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Old 06-16-2019, 06:01 PM   #91
Infornific
 
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Default Re: Approaching TL9?

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I'd probably go with 1990 and call it the networked age or something.
Thing is the networked age had already emerged in the 1980s - PCs, email, computer hacking, etc. The first big computer virus was in 1988. Most people weren't directly involved yet but that didn't mean the technology didn't exist. By comparison, TL 7 technically starts in 1940 but how common was TL 7 technology in the 1940s? 1980 seems as good a starting point as any.
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Old 06-16-2019, 06:12 PM   #92
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Sean Punch even wrote a piece regarding the change that he summed up as "Tech level 8 did not really happen quite the way we thought it would".
Nice bit of irony in that micro/nano science hasn't advanced as fast as expected. There's a school of thought that the most rapid technological development is behind us and we can expect slower progress in the future. So a future revised GURPS TL may stretch out the time periods for TL 8, 9, etc.
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Old 06-16-2019, 06:14 PM   #93
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Originally Posted by Infornific View Post
Thing is the networked age had already emerged in the 1980s - PCs, email, computer hacking, etc. The first big computer virus was in 1988. Most people weren't directly involved yet but that didn't mean the technology didn't exist. By comparison, TL 7 technically starts in 1940 but how common was TL 7 technology in the 1940s?
Quite common if you're talking about military applications. But the war delayed civilian implementation.
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Old 06-16-2019, 06:16 PM   #94
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Thing is the networked age had already emerged in the 1980s - PCs, email, computer hacking, etc.
Sure, but the social transformation really wasn't that notable until the 90s.
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Old 06-16-2019, 06:27 PM   #95
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Sure, but the social transformation really wasn't that notable until the 90s.
There's also price to eb considered.

We got our first computer in late 1997 after the internet had become such an obvious thing that we wanted access but inwe paid 10x as much in 2019 dollars as we did for a vastly superior model 1 year ago.

Then there's the differences between dial-up and highspeed connections.

I really wouldn't mind having a TL boundary between then and now.
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Old 06-16-2019, 08:06 PM   #96
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There's also price to eb considered.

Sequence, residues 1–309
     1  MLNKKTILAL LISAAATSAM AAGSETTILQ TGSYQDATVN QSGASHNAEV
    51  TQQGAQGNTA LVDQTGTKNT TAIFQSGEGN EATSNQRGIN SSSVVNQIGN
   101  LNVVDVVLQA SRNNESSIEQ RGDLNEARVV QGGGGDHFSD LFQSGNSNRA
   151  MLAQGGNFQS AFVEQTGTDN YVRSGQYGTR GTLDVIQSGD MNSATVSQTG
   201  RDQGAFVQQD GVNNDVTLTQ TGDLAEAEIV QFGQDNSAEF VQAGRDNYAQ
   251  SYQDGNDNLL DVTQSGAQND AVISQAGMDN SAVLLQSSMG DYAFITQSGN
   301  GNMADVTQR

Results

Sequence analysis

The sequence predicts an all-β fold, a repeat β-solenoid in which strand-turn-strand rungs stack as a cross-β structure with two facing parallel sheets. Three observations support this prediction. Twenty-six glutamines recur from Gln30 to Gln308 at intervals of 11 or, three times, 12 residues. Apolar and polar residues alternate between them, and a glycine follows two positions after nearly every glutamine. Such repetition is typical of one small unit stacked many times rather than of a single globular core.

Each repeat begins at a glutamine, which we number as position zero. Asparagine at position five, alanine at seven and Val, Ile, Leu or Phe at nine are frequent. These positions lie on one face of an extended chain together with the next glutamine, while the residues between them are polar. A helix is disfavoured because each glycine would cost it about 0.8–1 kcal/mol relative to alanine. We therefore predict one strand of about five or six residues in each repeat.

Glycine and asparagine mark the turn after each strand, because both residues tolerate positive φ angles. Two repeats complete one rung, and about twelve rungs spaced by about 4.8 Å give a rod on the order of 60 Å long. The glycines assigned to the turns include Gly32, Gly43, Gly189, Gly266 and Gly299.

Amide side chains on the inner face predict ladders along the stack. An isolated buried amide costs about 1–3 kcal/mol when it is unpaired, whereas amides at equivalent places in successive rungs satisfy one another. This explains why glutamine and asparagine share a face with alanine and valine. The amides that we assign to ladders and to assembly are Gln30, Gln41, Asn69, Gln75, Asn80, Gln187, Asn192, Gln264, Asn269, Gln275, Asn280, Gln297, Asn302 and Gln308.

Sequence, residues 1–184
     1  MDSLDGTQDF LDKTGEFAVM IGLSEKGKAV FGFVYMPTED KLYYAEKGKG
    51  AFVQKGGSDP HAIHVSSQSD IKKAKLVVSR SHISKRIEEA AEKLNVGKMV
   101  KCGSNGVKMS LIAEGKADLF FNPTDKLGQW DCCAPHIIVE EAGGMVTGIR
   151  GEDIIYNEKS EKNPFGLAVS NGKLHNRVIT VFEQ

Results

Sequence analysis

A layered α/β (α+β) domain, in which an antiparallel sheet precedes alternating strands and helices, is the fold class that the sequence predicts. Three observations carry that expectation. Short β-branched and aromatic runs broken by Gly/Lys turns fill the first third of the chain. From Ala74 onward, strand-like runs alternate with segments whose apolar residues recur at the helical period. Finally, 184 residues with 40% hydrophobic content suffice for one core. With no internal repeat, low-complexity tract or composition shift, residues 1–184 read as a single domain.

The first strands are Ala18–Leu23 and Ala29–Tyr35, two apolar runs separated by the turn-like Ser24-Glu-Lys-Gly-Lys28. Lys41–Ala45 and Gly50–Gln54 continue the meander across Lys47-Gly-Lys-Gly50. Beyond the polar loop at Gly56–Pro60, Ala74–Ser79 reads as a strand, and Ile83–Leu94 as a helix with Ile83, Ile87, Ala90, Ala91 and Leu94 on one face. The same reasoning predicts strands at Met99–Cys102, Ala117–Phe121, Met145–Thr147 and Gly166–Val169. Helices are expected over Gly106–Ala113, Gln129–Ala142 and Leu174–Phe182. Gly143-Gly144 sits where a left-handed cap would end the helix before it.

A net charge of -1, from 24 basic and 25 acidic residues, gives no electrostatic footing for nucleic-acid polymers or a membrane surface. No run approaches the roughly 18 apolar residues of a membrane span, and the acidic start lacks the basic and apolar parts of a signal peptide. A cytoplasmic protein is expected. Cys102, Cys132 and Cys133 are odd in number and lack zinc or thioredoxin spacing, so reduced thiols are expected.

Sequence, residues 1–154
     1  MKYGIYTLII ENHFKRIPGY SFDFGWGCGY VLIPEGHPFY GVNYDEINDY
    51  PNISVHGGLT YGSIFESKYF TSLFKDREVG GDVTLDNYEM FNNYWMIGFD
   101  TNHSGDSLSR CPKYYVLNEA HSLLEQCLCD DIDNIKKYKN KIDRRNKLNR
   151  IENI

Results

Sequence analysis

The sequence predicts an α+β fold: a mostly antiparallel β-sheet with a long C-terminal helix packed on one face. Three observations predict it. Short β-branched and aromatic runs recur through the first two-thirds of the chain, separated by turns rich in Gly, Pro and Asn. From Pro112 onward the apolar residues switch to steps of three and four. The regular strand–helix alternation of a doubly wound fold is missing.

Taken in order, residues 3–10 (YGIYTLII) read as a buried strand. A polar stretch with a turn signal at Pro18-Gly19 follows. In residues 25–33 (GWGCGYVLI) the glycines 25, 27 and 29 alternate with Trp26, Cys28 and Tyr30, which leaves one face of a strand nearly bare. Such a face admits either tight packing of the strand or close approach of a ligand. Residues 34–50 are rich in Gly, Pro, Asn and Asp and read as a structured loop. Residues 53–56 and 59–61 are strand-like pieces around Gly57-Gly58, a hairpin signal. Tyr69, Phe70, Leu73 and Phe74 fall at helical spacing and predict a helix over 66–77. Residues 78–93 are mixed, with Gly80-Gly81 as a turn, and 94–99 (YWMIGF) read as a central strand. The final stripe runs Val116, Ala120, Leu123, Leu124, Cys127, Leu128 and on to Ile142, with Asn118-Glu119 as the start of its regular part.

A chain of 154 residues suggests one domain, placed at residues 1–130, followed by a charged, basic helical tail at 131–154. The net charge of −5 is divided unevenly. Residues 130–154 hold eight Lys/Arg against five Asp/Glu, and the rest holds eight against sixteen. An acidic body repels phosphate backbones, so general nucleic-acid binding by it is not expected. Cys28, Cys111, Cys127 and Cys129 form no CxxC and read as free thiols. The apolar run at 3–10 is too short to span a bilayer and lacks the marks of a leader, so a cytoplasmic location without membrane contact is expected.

We got our first computer in late 1997 after the internet had become such an obvious thing that we wanted access but inwe paid 10x as much in 2019 dollars as we did for a vastly superior model 1 year ago.

Then there's the differences between dial-up and highspeed connections.

I really wouldn't mind having a TL boundary between then and now.
Both points granted. But the technology was around if not omnipresent. The boundaries are somewhat arbitrary. I could see shifting the boundary to when the technology became common but I think you could make a case for moving other TLs forward a little. So TL 7 then would start in 1950 and TL 8 in 1990 or so.
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Old 06-16-2019, 08:31 PM   #97
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What in the world does velcro have to do with Bionics?!! Besides, everyone knows that Vulcans invented velcro! LOL.
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Old 06-16-2019, 11:17 PM   #98
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Sure, but the social transformation really wasn't that notable until the 90s.
I'm reminded of jet aircraft, which were around in experimental use from 1939 and military use from 1944, yet didn't have any effect on civilian life until the introduction of the de Havilland Comet in 1952.
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Old 06-16-2019, 11:26 PM   #99
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What in the world does velcro have to do with Bionics?!! Besides, everyone knows that Vulcans invented velcro! LOL.
Velcro was originally inspired by the way a bur gets caught in hair. Bionics is the field of engineering based on biological systems.

The idea that it is primarily about prosthetics is incorrect, but bionic prosthetics are a thing: duplicating the function of the body parts they replace as closely as possible.
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Old 06-17-2019, 04:19 AM   #100
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When I was in Six Grade Pocket Calculators were being advertised in Popular Science Magazine for 600 dollars. I saw a better calculator for 3.50 in Dollar General. The cheap calculator had a memory that could store ten different numbers, sign, cosign, tangent, cotagent, and keys that let you choose what power or root you wanted.
The Popular Science ad was likely a high end calculator.

"By 1977, a liquid crystal display calculator known as the Teal LC811 sold regularly for $24.95, with a sale price of $19.95. By 1985, the solar-powered Sharp EL-345 sold for $5.95. Both of these calculators were made in Japan. The Sharp not only carried out arithmetic and found percentages, but had a square root key. Both calculators had limited memory for results of computations." ( Electronic Calculators—Handheld )

So there were really cheap calculators in the late 1970s and "dirt" cheap ones by the 1980s.

Last edited by maximara; 06-17-2019 at 04:22 AM.
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